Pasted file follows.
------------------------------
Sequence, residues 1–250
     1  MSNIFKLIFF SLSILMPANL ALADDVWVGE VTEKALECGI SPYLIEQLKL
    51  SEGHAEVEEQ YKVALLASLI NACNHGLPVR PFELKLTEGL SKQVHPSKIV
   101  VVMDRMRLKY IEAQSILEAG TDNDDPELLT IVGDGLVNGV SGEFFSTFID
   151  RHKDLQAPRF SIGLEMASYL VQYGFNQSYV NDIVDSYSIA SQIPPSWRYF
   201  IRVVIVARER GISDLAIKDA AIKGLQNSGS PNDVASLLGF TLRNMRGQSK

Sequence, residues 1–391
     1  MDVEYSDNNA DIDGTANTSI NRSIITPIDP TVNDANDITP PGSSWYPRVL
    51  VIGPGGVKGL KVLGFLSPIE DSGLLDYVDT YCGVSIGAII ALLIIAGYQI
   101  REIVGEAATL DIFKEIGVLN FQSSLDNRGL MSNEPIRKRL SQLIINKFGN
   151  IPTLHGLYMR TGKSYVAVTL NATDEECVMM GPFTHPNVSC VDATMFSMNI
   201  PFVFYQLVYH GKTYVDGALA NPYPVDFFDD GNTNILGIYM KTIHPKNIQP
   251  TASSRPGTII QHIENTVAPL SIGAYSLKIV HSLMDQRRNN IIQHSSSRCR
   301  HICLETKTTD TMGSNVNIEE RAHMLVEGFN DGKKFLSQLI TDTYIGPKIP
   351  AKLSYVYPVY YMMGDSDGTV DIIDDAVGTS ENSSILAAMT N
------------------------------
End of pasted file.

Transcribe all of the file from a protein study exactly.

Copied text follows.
Sequence, residues 1–250
     1  MSNIFKLIFF SLSILMPANL ALADDVWVGE VTEKALECGI SPYLIEQLKL
    51  SEGHAEVEEQ YKVALLASLI NACNHGLPVR PFELKLTEGL SKQVHPSKIV
   101  VVMDRMRLKY IEAQSILEAG TDNDDPELLT IVGDGLVNGV SGEFFSTFID
   151  RHKDLQAPRF SIGLEMASYL VQYGFNQSYV NDIVDSYSIA SQIPPSWRYF
   201  IRVVIVARER GISDLAIKDA AIKGLQNSGS PNDVASLLGF TLRNMRGQSK

Sequence, residues 1–391
     1  MDVEYSDNNA DIDGTANTSI NRSIITPIDP TVNDANDITP PGSSWYPRVL
    51  VIGPGGVKGL KVLGFLSPIE DSGLLDYVDT YCGVSIGAII ALLIIAGYQI
   101  REIVGEAATL DIFKEIGVLN FQSSLDNRGL MSNEPIRKRL SQLIINKFGN
   151  IPTLHGLYMR TGKSYVAVTL NATDEECVMM GPFTHPNVSC VDATMFSMNI
   201  PFVFYQLVYH GKTYVDGALA NPYPVDFFDD GNTNILGIYM KTIHPKNIQP
   251  TASSRPGTII QHIENTVAPL SIGAYSLKIV HSLMDQRRNN IIQHSSSRCR
   301  HICLETKTTD TMGSNVNIEE RAHMLVEGFN DGKKFLSQLI TDTYIGPKIP
   351  AKLSYVYPVY YMMGDSDGTV DIIDDAVGTS ENSSILAAMT N